Q: I have a 2006 Honda CRV that we purchased new. We could not use our phone charger in the car from day one, but my husband could in his Honda Civic, and I could in my previous car, which was a Hyundai Elantra. The service department told my husband that it was a Verizon problem, and when my husband called the Honda headquarters, he was told the same thing. This did not make sense to me since we could use it in our other cars. I wish I had thought to contact you then! A few months later, my husband got a portable GPS and couldn’t charge that in the CRV either but could in his Civic. Since the GPS has nothing to do with Verizon, he talked to the service department again and they put in a new fuse and told him to put the charger in the receptacle but not to push it all the way in, and that this is a problem with the CRV models. We are very happy with the car in general and normally with the service department, but I am not sure what to make of this situation and their explanation. I would very much appreciate your feedback regarding this matter.
A: Here is how it should have gone. Bring the car into the shop and check the system. If power and ground are present, replace the receptacle with a factory unit. If the factory unit has a problem, then buy a new universal one at your local auto parts store and install the new part. Now all is well. If that were done, the customer would be happy and would return for service as needed and most likely return to the dealership when it is time to replace the vehicle.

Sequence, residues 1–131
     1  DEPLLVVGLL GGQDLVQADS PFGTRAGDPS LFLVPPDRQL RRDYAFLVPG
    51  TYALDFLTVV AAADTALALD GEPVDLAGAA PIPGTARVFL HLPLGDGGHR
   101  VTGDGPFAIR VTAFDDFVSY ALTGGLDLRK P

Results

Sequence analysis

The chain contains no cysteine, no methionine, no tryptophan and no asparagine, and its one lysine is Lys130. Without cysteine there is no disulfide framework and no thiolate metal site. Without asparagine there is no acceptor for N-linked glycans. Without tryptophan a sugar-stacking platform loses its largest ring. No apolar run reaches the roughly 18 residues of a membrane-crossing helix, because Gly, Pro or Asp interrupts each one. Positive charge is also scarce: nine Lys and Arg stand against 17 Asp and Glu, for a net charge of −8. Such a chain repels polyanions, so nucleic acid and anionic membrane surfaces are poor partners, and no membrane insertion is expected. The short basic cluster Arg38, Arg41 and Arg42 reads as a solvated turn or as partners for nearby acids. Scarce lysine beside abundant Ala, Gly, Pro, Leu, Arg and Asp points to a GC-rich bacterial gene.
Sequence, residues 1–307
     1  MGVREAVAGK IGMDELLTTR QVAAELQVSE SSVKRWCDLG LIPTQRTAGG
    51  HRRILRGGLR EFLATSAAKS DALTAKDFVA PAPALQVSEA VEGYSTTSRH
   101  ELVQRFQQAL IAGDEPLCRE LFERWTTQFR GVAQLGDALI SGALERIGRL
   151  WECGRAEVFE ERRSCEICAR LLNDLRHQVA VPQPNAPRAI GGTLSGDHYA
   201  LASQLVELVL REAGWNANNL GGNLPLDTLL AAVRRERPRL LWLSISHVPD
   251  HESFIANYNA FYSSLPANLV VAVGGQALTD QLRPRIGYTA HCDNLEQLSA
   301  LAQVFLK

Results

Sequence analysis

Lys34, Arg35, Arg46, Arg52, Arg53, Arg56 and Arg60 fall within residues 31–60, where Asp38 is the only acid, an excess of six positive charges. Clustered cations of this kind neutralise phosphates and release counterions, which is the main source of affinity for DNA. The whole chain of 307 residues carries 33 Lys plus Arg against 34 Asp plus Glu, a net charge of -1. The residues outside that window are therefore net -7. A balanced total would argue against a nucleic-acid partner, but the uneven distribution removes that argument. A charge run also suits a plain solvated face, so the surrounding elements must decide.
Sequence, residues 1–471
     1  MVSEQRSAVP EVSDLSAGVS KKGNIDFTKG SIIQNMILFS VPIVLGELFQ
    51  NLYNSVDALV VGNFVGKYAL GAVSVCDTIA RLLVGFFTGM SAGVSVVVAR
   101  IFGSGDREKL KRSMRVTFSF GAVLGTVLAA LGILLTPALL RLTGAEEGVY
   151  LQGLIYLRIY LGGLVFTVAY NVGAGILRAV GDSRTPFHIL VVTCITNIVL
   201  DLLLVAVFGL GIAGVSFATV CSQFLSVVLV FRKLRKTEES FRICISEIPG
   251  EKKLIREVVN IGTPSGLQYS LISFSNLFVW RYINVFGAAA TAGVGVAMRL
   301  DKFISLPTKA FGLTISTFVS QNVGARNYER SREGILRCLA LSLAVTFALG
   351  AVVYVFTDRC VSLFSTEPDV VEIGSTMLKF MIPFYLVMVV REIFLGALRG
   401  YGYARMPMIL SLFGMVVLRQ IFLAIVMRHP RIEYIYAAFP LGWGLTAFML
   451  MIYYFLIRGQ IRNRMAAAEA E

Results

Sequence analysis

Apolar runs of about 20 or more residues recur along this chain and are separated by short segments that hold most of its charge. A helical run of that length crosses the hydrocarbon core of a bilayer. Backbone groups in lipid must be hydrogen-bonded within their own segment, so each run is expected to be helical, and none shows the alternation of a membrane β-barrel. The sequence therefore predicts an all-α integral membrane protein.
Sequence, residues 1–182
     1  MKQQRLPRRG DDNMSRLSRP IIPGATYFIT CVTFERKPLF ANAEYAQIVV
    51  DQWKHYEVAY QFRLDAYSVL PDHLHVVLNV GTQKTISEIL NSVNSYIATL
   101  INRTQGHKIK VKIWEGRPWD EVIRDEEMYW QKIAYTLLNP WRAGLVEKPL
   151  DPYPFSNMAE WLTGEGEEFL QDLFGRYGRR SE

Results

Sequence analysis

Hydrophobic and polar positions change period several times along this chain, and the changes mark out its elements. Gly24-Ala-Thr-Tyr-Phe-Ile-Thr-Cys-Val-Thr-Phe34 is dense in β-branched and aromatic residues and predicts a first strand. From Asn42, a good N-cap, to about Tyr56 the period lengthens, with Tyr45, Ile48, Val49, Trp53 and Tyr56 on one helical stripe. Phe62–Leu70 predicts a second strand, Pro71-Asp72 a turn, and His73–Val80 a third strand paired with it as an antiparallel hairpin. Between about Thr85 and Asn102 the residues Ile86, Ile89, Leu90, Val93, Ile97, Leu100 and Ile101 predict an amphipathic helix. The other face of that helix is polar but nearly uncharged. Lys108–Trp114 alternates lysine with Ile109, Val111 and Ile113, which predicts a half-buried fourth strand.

Q: I purchased a used 2010 Grand Caravan from a Mitsubishi dealer in late 2010. I recently had to have the car towed to the dealer because it would not start (completely dead). The dealer charged me $145 and said the ground cable was loose at the transmission, and it took them awhile to find the problem. A week later, the same problem happened. The Mitsubishi dealer requested I tow it to a Dodge dealer because they had better diagnostic equipment for the Dodges. The Dodge dealer said the no start was caused by an aftermarket key that was programmed by the Mitsubishi dealer, which caused a failure of the control module. Also, a new genuine key had to be made. The Mitsubishi dealer says they use aftermarket key blanks all the time without problems. What are your thoughts on this problem?
A: I believe the Mitsubishi dealer missed the problem when they blamed the problem on the ground cable. I find it strange that a ground cable would be loose on this 21/2-year-old car unless there was major surgery done to this car before you purchased it. Did you get a vehicle history report? Finally, I believe the Mitsubishi dealer should give you a refund due to the missed diagnostics. Let us know how you make out.
Car Care Tip: An overheating engine should be shut down and the vehicle should be towed to the repair facility. Pushing it a bit further could cost you $3,000 for a new engine versus $30 for a thermostat.
Larry Rubenstein is a master technician who owns a North Shore service station. His column appears every Saturday. Write to Larry at The Salem News, c/o Auto Scanner, 32 Dunham Road, Beverly, MA 01915, or send an email to firstname.lastname@example.org.